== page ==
Orval – Trappist beer from the Valley of Gold
Orval is a beer produced by Trappist monks from Abbaye Notre-Dame d’Orval in Belgium. Unlike the other Trappiest abbey breweries like Chimay, Rochefort and Westvleteren, these monks only make one kind of beer, the eponymous Orval Belgian Pale Ale, with Petite Orval (think Orval Light at 3.5% abv), brewed for their own consumption.
The legend behind the abbey, according to their website, is that the widowed Countess Mathilde of Tuscany accidentally dropped her gold wedding ring into a fountain or spring. She prayed to God for its return, and a trout jumped up from a water with the ring in its mouth, causing the good Countess to exclaim, “truly, this is a Val d’Or (Valley of Gold)!” Hence the name Orval and the trout-and-ring symbol, which were adopted by the monastery she funded there afterwards in gratitude.
Poured into a ten-ounce brandy snifter, because I didn’t have the requisite chalice. Bottled in 2009, best before 2014, and enjoyed in 2011.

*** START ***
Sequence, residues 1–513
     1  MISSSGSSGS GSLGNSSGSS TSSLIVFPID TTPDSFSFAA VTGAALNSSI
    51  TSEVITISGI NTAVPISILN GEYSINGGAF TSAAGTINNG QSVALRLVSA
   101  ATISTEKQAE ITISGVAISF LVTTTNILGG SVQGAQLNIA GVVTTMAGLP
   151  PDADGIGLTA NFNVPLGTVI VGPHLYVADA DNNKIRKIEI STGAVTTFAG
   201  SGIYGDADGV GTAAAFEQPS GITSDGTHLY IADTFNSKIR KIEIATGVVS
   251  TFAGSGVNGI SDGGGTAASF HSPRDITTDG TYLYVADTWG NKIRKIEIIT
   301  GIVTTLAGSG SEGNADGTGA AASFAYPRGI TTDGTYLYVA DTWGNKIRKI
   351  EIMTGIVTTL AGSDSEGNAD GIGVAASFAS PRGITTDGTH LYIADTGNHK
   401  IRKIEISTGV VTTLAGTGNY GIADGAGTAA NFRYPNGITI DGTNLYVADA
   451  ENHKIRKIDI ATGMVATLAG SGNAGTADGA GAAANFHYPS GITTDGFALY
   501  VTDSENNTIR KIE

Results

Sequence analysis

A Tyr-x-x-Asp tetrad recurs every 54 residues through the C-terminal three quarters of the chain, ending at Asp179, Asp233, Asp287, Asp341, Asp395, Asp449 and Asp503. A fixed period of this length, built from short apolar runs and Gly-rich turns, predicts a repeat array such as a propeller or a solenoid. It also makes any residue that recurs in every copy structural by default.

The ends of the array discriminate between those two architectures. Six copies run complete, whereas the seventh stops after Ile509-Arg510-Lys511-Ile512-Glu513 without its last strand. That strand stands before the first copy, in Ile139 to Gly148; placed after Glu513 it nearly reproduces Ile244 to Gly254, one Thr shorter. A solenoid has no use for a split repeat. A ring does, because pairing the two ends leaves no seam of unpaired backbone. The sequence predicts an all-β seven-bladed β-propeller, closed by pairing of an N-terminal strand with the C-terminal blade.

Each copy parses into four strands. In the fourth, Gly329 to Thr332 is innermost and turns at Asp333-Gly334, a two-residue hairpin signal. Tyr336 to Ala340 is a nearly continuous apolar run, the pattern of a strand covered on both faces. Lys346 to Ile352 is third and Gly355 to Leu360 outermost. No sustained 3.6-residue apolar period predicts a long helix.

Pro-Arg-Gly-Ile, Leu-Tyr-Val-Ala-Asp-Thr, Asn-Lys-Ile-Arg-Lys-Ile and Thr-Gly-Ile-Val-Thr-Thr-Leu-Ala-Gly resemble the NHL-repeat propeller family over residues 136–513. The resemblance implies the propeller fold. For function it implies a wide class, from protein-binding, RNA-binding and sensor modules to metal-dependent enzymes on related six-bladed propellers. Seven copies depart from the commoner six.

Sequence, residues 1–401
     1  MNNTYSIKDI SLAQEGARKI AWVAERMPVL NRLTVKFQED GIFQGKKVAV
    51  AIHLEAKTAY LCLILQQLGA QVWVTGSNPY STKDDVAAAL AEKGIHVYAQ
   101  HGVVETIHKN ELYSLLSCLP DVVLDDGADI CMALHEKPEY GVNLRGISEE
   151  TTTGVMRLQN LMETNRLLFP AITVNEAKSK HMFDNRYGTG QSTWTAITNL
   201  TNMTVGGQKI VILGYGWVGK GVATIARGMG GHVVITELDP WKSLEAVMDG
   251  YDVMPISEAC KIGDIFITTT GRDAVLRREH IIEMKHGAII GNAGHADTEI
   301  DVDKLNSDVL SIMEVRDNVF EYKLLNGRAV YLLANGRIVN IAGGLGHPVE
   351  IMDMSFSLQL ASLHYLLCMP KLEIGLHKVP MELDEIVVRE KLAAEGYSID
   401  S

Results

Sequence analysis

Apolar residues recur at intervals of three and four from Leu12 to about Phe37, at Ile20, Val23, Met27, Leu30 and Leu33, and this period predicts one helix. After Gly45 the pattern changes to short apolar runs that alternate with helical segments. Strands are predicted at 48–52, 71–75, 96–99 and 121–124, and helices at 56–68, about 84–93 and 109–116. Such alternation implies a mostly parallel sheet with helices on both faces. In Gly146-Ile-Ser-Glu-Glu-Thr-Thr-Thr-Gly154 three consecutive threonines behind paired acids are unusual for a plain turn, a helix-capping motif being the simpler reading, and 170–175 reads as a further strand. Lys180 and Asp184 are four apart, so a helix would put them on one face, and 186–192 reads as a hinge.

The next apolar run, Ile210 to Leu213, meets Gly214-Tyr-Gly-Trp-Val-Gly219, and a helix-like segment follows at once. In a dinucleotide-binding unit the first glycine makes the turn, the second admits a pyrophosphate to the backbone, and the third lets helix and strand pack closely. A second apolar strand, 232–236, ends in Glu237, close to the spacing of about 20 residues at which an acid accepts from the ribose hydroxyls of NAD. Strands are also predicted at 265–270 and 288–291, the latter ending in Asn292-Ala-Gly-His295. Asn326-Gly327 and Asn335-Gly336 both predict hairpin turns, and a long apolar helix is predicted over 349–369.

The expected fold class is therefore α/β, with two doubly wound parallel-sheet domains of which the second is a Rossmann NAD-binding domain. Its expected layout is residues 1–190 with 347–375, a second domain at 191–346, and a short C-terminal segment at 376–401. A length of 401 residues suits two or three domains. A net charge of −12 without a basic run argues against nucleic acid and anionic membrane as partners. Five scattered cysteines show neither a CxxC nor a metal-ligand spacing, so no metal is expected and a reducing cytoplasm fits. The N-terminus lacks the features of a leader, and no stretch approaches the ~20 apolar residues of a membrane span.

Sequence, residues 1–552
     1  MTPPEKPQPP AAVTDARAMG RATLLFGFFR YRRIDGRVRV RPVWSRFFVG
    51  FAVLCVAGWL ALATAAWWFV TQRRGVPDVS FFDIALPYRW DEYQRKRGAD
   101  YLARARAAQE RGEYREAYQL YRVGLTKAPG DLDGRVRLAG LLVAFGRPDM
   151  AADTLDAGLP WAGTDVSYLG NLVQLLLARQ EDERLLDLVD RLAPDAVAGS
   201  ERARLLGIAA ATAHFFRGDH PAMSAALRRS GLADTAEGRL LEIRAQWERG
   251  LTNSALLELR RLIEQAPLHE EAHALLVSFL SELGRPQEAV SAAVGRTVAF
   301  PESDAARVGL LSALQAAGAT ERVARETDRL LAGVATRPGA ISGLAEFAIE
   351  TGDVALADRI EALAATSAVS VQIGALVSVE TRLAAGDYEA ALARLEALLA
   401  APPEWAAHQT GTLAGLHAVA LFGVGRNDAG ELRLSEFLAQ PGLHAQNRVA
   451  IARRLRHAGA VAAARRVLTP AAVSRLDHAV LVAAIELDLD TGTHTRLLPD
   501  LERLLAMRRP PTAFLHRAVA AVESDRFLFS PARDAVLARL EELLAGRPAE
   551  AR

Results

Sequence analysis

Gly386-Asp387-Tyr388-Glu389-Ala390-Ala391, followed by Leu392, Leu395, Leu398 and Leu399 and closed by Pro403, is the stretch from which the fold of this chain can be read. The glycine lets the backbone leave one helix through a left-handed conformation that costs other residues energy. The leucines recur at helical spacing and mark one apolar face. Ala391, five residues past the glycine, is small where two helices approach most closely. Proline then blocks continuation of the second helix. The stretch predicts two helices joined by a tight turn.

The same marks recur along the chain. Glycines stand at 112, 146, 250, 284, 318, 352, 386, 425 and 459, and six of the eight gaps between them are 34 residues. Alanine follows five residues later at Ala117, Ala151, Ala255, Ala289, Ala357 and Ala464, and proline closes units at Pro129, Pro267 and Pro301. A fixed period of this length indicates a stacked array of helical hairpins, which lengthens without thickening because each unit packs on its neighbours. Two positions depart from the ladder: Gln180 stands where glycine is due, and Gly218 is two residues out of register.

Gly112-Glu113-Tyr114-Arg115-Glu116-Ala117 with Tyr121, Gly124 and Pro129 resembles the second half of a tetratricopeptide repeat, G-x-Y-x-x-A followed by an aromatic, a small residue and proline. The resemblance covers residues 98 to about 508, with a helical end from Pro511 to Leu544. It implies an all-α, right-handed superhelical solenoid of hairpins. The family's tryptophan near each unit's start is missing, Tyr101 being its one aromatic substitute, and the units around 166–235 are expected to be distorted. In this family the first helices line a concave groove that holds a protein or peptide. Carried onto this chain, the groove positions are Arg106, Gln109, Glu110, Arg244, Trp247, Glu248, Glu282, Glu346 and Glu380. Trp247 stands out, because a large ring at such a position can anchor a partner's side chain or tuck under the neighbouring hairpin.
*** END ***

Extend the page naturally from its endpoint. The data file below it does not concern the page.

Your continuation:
Appearance: Reddish-amber, with a cloudy, bubbly, frothy head; excellent retention and lacing.
Nose: Grass, straw, and yeast. Herbal and spicy, hoppy- but not of the in-your-face American hops. What I imagine a western Europe countryside would smell like.
Taste: Slightly acidic, grassy and herbal. I’ve read people describe this as funky and I would tend to agree. That’s really the most appropriate word to describe this.
Mouthfeel: Light-medium body, strongly carbonated, crisp and dry. Very tart and piney finish.
Appearance: 5; Smell: 4; Taste: 4; Mouthfeel: 4.5 Overall: 4.5
Not really my kind of beer, but I appreciate how complex it is. As far as Trappist ales go, I still prefer Rochefort 10 and Chimay Grand Reserve. I guess I’m still not ready for Saisons and Sour Ales, given that this is a Belgian Pale Ale but more on the sour, funky yeast side. Overall, I’d say this would be a really dynamic beer for pairing with food, but when drunk alone, I’d prefer one of the above two other Trappist brews. I did have this with some tangy aged Edam (a.k.a. quezo de bola), and I thought they played off each other well. The one thing I have to emphasize with this beer is that you have to drink it at the right temperature, which according to the bottle is around 12-14 degrees C. It’s better to err on the warmer side than on the colder. While I was drinking this, the flavors really came out as the beer warmed. On the other hand, I’ve had this at the Distillery served at around 5 degrees and all I could taste was coriander.